Luckily for us, it still is. Just not the one you might have expected from watching the Trailer. Nope. Not at all. It’s soooo darn much smarter than just the old “bait & switch” Scooby-Doo plot and actually managed to take it’s story in a direction completely unexpected while preserving the creepy ideas that made me want to see it in the first place. Yay!! 🙂
Mind you now… that means I can’t really go much into the plot of the story this time out without blowing that for my Gentle Visitors, so bear with me while I try my own hand at obscuring the details all the while gushing about how much I really enjoyed this one.
Its starts out pretty much like you might expect a ghost story to, with our heroine Dulce (played by Ruddy Rodríguez) waking up in a darkened hallway amid shards of broken glass, her face slashed and bleeding, obviously terrified and confused. Frantically she searches the eerie old house for her son Leopoldo (played by Rosmel Bustamante)… and in the process finds her husband Juan José (played by Gonzalo Cubero) in the cellar, dying from a kitchen knife jammed deeply into his chest. While the shock of that discovery still shakes her… she finally glimpses her son… only to see him yanked away into darkness right before her eyes. Impossibly… he’s nowhere to be found in the creepy cellar room he was pulled into and from which there is no other exit. When dawn comes, the police arrive… they listen to Dulce’s insane story of ghosts… find her dead husband’s body still with the knife sticking in his chest covered with Dulce’s own fingerprints and charge her with the murders of both her husband and her inexplicably missing son. This is usually where most movies end… but for “La Casa Del Fin De Los Tiempos”, we’re only getting started.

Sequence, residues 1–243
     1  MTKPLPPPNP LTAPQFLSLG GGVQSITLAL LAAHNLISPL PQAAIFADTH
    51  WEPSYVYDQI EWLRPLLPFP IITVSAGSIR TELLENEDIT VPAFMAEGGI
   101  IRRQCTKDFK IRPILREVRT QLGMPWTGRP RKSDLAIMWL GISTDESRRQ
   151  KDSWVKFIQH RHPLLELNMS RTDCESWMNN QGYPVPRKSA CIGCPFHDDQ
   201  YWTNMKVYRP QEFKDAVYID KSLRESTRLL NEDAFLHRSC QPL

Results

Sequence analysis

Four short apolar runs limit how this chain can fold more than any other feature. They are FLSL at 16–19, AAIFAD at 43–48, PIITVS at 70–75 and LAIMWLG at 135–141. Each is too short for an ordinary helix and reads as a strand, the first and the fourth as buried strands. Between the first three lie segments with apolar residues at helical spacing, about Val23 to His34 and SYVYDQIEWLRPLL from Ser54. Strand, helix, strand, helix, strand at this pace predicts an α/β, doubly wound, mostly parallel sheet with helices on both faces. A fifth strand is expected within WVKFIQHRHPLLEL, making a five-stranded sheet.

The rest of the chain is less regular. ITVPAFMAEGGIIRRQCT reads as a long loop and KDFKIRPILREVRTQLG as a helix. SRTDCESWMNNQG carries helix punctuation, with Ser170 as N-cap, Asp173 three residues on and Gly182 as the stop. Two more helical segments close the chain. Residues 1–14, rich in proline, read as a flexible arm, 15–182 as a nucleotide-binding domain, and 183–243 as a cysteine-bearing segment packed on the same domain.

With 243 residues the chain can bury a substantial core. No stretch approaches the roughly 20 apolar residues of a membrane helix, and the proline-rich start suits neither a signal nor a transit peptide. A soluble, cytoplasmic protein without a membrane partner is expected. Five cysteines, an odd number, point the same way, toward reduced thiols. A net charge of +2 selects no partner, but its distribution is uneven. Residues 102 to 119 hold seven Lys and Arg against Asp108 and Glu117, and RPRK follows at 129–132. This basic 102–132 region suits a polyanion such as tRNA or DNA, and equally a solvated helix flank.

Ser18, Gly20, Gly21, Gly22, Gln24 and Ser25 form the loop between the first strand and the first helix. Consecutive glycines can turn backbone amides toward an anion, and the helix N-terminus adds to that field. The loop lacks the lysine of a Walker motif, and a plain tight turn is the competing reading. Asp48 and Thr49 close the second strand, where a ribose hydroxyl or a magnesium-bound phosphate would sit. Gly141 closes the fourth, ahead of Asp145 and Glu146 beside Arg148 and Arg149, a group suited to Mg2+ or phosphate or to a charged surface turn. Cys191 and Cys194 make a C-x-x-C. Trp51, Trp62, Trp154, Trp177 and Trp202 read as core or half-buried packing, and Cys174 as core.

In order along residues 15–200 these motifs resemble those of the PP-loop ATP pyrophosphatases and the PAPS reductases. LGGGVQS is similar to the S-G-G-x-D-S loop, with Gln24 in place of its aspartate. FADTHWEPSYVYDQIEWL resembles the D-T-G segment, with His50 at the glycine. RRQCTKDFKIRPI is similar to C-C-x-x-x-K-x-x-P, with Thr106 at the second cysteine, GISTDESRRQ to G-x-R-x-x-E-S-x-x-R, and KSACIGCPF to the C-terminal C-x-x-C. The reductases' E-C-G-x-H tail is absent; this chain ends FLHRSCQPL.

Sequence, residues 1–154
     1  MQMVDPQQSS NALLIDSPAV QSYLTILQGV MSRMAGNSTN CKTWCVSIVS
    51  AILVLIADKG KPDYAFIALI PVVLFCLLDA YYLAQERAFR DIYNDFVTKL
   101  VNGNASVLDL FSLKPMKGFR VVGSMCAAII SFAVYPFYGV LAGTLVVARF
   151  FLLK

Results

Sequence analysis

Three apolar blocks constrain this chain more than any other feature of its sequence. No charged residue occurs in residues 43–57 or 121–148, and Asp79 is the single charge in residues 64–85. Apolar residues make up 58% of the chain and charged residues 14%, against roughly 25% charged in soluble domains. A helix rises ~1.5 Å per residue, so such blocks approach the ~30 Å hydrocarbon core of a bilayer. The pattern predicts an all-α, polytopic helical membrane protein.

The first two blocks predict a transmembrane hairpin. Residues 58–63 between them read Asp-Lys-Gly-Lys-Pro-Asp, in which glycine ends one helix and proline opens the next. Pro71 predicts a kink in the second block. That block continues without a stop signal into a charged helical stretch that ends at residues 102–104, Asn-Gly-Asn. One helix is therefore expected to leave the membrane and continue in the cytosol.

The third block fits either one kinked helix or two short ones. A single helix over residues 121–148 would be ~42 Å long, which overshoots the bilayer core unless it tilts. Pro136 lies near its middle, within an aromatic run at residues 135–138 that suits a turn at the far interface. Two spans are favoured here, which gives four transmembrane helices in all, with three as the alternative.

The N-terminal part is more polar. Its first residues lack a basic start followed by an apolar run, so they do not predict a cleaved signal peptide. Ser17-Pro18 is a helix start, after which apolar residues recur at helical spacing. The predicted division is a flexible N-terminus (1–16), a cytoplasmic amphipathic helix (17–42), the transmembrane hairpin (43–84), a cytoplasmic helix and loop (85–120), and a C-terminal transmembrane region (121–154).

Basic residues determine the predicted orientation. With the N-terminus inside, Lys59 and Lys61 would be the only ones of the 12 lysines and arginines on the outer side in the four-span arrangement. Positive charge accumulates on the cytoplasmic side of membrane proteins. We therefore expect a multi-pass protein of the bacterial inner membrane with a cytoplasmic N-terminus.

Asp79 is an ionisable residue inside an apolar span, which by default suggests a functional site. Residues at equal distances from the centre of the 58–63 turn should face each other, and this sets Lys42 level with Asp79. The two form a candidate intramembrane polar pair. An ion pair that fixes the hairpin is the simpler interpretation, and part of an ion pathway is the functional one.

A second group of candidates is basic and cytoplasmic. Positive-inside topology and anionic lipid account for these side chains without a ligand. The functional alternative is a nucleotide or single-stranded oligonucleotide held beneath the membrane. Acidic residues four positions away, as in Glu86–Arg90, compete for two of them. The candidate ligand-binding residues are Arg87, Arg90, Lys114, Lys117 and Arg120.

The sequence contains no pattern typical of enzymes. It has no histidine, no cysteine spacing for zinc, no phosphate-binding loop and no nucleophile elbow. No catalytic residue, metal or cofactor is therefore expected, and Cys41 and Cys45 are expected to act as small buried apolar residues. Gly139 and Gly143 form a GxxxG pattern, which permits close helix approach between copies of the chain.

30 years pass, and by some quirk of the Venezuelan penal system, the now aged Dulce is paroled from prison to house arrest for humanitarian reasons. Taken back to the scene of her horrible experiences, she’s confined to the house by two police officers and allowed only a single visitor, a local priest (played by Guillermo García). He’s curious about Dulce, and through his curiosity gets her to start opening up about the events before and leading up to that terrible night. The more he hears of her story… the more convinced he becomes that perhaps she’s telling the truth… that she didn’t murder her husband and son… and that maybe her deepest fears are real. That they were killed by the house itself…. Ooooohhhh!! Sounds like time for a flashback… 😉